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A room in the Sremčica Home for children and adults with disabilities where 292 persons, including 49 children, with disabilities live. Up to 10 people live in one room.
© 2015 Emina Ćerimović for Human Rights Watch
(Brussels) – Serbia’s government should collect and make public the data on Covid-19 infections and deaths inside institutions for people with disabilities, six organizations for people with disabilities and human rights groups said today in a letter to Prime Minister Ana Brnabić. Understanding the impact of Covid-19 on people in institutions is impossible without transparent and complete data, the groups said.
The Serbian government has not provided clear or comprehensive information about the total number of confirmed cases and deaths inside institutions from Covid-19. The authorities published data indicating that on April 30, 2020, 574 people living in residential care institutions, including those for people with disabilities, were infected. On July 29, the authorities reported that 180 people in such institutions were infected.
“It is not known how many people with disabilities living in institutions across Serbia have died or been infected with Covid-19,” said Milan Šveřepa, director of Inclusion Europe. “For example, we don’t know how many of the 574 people identified as infected on April 30 may have died. This is deeply worrisome.”
Based on government figures for 2019, more than 14.512 adults and children, including people with disabilities, live in state-run institutions. Some people with disabilities have lived in institutions for their entire lives.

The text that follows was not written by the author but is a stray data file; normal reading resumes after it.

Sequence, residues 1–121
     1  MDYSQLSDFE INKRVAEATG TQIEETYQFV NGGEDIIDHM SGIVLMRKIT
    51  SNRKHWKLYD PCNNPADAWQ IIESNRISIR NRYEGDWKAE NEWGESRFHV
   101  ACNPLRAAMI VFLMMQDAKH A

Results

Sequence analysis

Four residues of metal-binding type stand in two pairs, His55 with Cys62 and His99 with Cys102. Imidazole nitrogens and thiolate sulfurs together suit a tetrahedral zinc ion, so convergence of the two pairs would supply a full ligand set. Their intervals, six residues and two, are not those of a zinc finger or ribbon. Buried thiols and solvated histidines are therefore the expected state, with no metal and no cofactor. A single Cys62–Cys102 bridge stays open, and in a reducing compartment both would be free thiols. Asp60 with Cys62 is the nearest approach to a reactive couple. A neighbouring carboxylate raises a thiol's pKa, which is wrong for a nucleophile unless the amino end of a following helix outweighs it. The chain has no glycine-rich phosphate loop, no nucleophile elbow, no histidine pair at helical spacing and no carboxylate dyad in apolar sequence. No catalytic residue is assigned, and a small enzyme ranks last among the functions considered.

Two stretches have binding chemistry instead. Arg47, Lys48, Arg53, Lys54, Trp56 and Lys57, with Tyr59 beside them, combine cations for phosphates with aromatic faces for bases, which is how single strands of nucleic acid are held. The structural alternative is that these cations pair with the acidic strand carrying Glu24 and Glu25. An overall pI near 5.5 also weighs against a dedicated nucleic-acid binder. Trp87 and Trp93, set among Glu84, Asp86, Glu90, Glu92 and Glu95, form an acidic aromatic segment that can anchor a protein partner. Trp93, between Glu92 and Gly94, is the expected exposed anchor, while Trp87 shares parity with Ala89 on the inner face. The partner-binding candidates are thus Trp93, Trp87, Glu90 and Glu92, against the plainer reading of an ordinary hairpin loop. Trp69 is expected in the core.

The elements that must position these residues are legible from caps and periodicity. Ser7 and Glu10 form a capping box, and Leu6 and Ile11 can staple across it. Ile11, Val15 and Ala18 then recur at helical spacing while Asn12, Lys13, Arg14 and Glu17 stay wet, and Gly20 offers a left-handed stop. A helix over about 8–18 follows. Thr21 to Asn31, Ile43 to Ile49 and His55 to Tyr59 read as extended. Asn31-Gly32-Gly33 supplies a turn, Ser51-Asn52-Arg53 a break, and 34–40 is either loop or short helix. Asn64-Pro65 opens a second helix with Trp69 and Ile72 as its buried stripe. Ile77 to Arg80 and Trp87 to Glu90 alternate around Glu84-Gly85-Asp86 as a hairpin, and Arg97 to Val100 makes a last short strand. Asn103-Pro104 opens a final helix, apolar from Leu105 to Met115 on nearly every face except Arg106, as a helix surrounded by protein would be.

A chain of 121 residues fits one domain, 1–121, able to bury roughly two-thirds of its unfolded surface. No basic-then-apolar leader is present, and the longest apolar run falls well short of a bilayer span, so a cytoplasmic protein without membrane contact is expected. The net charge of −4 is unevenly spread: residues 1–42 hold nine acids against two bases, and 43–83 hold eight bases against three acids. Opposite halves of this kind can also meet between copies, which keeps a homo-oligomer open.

Protests erupted in several cities in Serbia on July 10 and the following week, with protesters criticizing the government for, among other things, under-reporting the number of Covid-19 infections and deaths across the country.
The groups sending the letter are Inclusion Europe, the European Network on Independent Living, Validity Foundation, Disability Rights International, Mental Disability Rights Initiative Serbia (MDRI-S), and Human Rights Watch.
Since April, Human Rights Watch and MDRI-S have sent private letters to the government requesting information on, among other issues, what steps the government has taken to prevent the spread of Covid-19 in residential institutions for both children and adults with disabilities, and on the total number of infections and deaths. The government has not provided the information sought.
“An important part of addressing the Covid-19 pandemic is understanding the scale and circumstances of infections and deaths,” said Emina Ćerimović, senior disability rights researcher at Human Rights Watch. “Collecting this data is necessary to inform government policy, decision-making, and response. Publishing this data helps the wider public understand the impact of the outbreak on social care institutions.”
The Covid-19 pandemic has provided further evidence of the many risks that institutional life poses. Evidence from around the world shows that Covid-19 spreads rapidly and people living in close proximity to others in closed settings are at particularly high risk of infection.